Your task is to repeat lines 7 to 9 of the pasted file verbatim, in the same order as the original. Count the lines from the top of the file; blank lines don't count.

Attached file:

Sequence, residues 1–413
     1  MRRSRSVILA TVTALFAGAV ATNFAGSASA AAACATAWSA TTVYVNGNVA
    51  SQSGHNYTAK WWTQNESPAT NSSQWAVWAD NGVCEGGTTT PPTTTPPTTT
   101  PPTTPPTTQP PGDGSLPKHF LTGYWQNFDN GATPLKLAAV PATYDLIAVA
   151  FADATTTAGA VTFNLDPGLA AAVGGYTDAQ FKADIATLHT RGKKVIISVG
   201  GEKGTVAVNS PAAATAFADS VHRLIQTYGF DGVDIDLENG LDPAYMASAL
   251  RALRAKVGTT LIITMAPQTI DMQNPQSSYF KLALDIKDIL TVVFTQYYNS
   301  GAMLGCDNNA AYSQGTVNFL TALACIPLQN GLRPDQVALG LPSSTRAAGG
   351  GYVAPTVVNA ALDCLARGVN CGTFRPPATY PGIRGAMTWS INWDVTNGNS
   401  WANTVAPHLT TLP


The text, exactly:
   251  RALRAKVGTT LIITMAPQTI DMQNPQSSYF KLALDIKDIL TVVFTQYYNS
   301  GAMLGCDNNA AYSQGTVNFL TALACIPLQN GLRPDQVALG LPSSTRAAGG
   351  GYVAPTVVNA ALDCLARGVN CGTFRPPATY PGIRGAMTWS INWDVTNGNS